The Canadian economy is firing on all cylinders except one,”with manufacturing in the midst of a year-long recession, according to a new Manufacturers Alliance/MAPI report, available at www.mapi.net.
In “Review of the Canadian Economy, 2007-2008,” Jeremy A. Leonard, MAPI economic consultant, writes that the Canadian economy is growing at or above potential, and labor markets are as tight as they have been in a generation. However, manufacturing is suffering from the rapidly strengthening Canadian dollar and slower-than-expected growth in the U.S.
Real gross domestic product grew by 2.9 percent at an annualized rate in the third quarter 2007 but is expected to decelerate to the 2-percent range before regaining momentum in the latter part of 2008.
Leonard forecasts GDP growth of 2.3 percent in 2008. The strong Canada-U.S. exchange rate continues to take its toll on exports, but strong domestic demand has taken up the slack. The manufacturing sector has been in recession over the past year.
GDP has declined in four of the past six quarters, translating into a 0.4 percent year-over-year decline through the third quarter of 2007. The main pockets of weakness are in the large, export-intensive durable goods industries, with the notable exception of aerospace.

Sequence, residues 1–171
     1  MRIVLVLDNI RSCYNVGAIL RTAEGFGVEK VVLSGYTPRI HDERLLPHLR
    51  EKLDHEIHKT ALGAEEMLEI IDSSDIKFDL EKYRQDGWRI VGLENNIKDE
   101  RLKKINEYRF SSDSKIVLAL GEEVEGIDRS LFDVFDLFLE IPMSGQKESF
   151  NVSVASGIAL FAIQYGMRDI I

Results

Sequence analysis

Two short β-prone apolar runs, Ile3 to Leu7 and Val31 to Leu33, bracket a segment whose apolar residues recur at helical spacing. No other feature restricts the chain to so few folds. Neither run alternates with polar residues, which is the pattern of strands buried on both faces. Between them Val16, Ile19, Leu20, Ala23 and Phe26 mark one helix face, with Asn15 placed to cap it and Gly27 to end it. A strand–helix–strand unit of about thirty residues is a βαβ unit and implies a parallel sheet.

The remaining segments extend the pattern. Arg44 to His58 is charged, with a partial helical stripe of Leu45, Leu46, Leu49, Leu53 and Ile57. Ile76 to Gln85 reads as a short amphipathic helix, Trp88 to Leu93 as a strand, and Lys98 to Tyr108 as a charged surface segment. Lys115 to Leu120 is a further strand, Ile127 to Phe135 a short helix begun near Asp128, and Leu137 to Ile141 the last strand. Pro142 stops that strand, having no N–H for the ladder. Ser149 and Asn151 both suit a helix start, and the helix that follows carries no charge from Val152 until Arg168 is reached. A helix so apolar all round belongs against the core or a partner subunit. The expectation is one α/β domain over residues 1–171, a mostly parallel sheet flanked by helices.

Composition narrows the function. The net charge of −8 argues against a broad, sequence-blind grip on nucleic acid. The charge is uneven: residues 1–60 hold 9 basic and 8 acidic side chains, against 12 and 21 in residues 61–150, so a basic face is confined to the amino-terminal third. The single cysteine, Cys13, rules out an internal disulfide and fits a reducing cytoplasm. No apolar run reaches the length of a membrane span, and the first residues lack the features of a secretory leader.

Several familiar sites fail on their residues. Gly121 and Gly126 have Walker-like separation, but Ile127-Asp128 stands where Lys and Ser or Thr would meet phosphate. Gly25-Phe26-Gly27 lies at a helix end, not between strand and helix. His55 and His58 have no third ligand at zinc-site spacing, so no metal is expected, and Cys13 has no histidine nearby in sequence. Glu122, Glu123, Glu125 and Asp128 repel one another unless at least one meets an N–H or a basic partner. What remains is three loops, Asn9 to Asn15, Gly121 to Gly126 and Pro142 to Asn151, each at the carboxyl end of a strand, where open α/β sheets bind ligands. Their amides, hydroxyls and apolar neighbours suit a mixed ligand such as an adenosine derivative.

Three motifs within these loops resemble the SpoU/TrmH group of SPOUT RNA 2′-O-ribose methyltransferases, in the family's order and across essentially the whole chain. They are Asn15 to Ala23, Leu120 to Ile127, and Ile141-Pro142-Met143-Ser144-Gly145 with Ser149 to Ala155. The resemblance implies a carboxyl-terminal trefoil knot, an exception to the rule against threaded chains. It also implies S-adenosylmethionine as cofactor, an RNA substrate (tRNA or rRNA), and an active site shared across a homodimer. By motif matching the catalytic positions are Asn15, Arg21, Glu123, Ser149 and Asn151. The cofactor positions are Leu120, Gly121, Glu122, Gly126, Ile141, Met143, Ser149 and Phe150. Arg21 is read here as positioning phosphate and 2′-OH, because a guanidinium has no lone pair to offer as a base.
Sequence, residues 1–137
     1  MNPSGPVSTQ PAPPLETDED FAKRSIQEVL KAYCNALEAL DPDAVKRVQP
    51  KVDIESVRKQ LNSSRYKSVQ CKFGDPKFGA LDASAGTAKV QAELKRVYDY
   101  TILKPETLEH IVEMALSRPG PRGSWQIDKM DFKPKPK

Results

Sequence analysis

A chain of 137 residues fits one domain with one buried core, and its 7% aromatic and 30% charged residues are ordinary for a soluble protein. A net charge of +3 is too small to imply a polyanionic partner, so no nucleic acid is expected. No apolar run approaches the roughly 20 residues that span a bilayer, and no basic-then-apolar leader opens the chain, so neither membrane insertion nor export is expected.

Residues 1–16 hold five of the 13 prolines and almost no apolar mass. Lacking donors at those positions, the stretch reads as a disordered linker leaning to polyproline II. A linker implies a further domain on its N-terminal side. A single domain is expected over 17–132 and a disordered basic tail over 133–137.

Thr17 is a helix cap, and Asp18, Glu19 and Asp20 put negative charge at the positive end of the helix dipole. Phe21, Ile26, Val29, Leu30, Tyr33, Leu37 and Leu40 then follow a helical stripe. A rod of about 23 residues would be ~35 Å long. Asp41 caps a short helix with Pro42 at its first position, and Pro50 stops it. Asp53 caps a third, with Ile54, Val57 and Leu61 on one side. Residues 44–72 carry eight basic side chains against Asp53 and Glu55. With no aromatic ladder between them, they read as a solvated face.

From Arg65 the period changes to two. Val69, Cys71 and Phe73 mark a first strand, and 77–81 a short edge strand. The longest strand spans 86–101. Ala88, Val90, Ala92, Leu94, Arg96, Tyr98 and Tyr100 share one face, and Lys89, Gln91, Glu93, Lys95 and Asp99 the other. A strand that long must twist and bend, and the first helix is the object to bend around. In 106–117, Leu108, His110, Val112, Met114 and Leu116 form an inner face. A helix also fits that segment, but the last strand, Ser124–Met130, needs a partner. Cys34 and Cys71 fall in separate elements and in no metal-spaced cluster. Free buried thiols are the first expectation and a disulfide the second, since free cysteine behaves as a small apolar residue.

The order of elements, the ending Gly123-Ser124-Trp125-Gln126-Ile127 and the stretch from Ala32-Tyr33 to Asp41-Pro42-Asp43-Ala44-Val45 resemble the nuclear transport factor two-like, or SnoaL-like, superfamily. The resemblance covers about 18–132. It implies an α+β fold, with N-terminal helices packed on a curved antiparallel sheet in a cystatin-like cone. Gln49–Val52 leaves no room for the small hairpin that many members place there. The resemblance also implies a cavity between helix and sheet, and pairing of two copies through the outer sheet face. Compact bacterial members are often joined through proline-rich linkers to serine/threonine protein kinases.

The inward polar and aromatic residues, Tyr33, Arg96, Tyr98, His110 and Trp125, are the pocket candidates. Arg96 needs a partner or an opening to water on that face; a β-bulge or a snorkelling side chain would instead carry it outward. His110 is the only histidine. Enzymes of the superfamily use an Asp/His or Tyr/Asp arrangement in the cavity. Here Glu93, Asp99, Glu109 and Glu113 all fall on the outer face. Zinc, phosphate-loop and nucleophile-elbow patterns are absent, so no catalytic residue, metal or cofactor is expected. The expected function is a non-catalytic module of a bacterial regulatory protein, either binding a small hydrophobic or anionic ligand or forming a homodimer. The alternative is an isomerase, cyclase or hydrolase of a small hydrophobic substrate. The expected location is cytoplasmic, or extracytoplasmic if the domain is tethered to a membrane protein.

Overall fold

In a forecast of selected economic indicators for 2008, the report indicates that nonresidential investment is expected to grow by 6.1 percent, imports will increase by 6 percent, and pretax corporate profits and real disposable income are each predicted to grow by 4.4 percent. The forecast for industrial production growth, however, is flat.
The unemployment rate has slid to a 33-year low of 5.8 percent. There are considerable differences across provinces, though, with the industrial heartland of Ontario and Quebec suffering and the resource-intensive West booming.
Manufacturing employment has declined by 12.4 percent over the last three years, but the pace of job loss decelerated somewhat in 2007.
“Considering the many risks buffering the North American economy, Canada is in a fairly enviable position,”Leonard said. “But manufacturers will have to redouble their efforts to cut costs and boost productivity because the strong dollar will be a fact of life for quite a while.”